A health worker measures a migrant’s temperature at the Democratic Republic of the Congo border in July (© John Wessels/AFP/Getty Images)
The United States is approaching the most recent Ebola outbreak in the Democratic Republic of the Congo (DRC) as both a national and global security priority. Since the outbreak first erupted in 2018, the United States has supported the efforts of the World Health Organization and the DRC government to end it. Success will depend on a coordinated response and increased financial assistance from the international community.
“An infectious disease threat anywhere can be an infectious disease threat everywhere,” said Marcia Bernicat of the State Department’s Bureau of Oceans and International Environmental and Scientific Affairs to a U.S. Senate Foreign Relations Subcommittee on July 24. The U.S. is “firmly committed to stopping Ebola’s transmission, supporting the treatment of those infected, and minimizing the loss of life in this outbreak.”
The U.S. is the largest single-country donor to the Ebola response efforts. The U.S. Agency for International Development on July 24 announced it is providing more than $38 million in additional assistance to help end the ongoing Ebola outbreak, including $15 million in new funding to the World Health Organization, bringing total funding through USAID to $136 million. The U.S. government is also supporting Ebola preparedness efforts in unaffected areas in the DRC, as well as in at-risk neighboring countries — Burundi, Rwanda, South Sudan and Uganda — to strengthen border screening capacity and improve infection prevention and control practices, among other activities.
As of July 28, 1,782 people have died as a result of what is the second-largest outbreak on record; confirmed and probable cases stood at 2,659.
Protective boots at an Ebola treatment center in eastern Democratic Republic of the Congo (© Sally Hayden/SOPA Images/LightRocket/ Getty Images)
The United States deployed a Disaster Assistance Response Team (DART) — comprising disaster and health experts from USAID and the Centers for Disease Control and Prevention — in September 2018 to coordinate the U.S. response and help end the outbreak as soon as possible. This team, as well as staff from the State Department and other government agencies, is working to prevent and control Ebola infections, train workers and promote safe and dignified burials for victims of the disease. The U.S. Embassy in Kinshasa also remains fully engaged in supporting the entire U.S. government response in the DRC.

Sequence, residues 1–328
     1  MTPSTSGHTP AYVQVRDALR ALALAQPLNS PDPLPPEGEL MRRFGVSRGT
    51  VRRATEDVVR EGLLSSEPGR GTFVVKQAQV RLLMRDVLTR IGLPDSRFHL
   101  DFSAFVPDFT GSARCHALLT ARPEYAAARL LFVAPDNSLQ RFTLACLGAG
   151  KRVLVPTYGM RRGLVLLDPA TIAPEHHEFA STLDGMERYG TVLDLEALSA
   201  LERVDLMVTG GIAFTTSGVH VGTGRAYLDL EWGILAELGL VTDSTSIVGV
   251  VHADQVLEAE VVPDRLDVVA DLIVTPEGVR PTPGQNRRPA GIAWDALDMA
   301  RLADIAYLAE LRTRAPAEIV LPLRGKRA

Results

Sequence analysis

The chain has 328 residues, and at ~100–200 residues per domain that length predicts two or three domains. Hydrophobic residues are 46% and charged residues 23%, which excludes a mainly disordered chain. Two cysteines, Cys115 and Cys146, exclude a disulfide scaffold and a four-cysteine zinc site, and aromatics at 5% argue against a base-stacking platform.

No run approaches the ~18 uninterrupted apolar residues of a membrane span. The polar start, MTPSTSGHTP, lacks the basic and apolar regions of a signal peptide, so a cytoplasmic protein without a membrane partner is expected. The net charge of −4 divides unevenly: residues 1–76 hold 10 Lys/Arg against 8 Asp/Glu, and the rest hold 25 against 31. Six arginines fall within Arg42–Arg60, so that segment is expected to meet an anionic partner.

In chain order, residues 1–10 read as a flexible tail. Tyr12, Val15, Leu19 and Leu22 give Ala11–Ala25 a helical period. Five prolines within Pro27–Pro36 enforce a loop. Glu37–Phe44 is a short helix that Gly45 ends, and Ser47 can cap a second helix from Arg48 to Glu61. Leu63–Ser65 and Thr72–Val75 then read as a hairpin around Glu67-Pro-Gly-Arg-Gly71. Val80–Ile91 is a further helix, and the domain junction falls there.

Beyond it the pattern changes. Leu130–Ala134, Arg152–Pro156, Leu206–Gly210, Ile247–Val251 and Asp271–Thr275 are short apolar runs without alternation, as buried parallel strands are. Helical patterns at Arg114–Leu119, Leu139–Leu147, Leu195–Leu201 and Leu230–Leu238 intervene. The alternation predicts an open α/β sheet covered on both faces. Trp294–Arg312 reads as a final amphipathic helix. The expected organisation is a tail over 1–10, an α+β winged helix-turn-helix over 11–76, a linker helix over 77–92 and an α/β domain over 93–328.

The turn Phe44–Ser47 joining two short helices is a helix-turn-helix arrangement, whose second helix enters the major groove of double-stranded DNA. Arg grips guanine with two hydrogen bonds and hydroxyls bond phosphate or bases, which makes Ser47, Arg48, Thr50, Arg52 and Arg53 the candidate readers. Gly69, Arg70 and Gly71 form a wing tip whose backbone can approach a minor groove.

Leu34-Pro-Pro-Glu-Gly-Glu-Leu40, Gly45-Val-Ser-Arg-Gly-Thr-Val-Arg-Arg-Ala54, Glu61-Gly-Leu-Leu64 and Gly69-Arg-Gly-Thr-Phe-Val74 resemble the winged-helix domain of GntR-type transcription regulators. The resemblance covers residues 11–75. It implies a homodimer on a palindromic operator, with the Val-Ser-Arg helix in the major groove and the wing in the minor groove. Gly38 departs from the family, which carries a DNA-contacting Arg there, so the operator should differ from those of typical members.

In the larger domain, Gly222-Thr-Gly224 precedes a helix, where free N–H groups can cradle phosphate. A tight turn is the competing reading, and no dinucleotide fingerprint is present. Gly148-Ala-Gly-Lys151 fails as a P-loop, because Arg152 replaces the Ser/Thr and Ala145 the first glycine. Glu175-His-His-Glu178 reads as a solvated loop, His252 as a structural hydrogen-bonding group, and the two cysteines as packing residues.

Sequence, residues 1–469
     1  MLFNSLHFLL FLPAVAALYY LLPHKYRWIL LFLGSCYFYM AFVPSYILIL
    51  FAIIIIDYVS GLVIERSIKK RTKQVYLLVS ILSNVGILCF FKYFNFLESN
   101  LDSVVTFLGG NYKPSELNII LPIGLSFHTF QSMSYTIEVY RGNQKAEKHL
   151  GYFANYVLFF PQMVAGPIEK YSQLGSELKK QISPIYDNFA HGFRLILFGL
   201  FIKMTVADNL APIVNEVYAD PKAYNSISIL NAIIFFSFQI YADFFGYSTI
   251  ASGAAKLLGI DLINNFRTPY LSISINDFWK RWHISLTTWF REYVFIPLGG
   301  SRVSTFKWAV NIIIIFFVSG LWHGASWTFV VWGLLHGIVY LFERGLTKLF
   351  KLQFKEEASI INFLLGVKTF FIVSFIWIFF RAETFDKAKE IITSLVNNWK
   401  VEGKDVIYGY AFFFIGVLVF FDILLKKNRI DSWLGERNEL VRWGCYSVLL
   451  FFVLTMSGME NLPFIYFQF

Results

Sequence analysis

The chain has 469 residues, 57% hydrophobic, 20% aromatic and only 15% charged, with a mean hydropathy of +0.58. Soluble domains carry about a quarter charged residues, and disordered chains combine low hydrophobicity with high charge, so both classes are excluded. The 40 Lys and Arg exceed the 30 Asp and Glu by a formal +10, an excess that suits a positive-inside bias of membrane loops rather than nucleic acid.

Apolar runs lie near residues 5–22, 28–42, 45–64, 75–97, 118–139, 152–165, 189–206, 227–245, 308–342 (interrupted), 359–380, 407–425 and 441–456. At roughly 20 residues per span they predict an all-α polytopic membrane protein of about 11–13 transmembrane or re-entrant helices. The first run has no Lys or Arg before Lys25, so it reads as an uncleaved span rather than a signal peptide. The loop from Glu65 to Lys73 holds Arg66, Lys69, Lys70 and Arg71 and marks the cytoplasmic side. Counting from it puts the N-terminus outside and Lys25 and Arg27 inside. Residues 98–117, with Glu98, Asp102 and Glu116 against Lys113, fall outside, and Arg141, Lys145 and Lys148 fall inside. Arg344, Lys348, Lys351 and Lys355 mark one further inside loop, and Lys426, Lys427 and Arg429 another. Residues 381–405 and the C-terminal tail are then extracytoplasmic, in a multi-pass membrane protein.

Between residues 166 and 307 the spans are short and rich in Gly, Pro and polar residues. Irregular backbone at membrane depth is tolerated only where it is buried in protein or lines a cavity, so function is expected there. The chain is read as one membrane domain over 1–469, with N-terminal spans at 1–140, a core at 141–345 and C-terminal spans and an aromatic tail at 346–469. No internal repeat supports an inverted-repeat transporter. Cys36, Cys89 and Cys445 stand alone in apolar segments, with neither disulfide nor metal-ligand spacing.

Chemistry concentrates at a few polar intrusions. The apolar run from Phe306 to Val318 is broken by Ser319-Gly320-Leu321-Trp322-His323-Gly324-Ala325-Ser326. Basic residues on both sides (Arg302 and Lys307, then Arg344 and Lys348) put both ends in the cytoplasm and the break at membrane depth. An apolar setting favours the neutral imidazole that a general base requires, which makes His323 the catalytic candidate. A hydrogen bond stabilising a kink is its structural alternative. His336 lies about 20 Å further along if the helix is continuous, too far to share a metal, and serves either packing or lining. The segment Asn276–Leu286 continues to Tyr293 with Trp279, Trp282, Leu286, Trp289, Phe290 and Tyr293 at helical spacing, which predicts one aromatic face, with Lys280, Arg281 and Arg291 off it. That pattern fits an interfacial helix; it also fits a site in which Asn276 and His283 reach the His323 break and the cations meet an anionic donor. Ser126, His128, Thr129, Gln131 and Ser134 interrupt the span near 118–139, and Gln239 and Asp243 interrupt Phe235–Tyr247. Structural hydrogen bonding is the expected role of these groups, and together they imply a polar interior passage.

On July 17, the WHO declared the outbreak a Public Health Emergency of International Concern, citing a recent Ebola case in Goma, ongoing violence targeting health workers and the outbreak’s long duration.
The WHO in mid-July called on partners to provide $287 million in assistance for the next six months. The U.S. works actively with other donors such as the U.K., EU and World Bank in an effort to ensure the Ebola response is adequately funded. The World Bank announced in late July it will mobilize $300 million in grants and credits.
Still, more is needed to contain the disease and prevent its spread within the region.
“The Ebola outbreak requires we redouble our efforts,” State Department Assistant Secretary for African Affairs Tibor Nagy told the Senate subcommittee on July 24. “Few countries are prepared to handle a challenge like Ebola alone, so we call on all our partners to join these efforts.”
© IENA-NEWS de 2019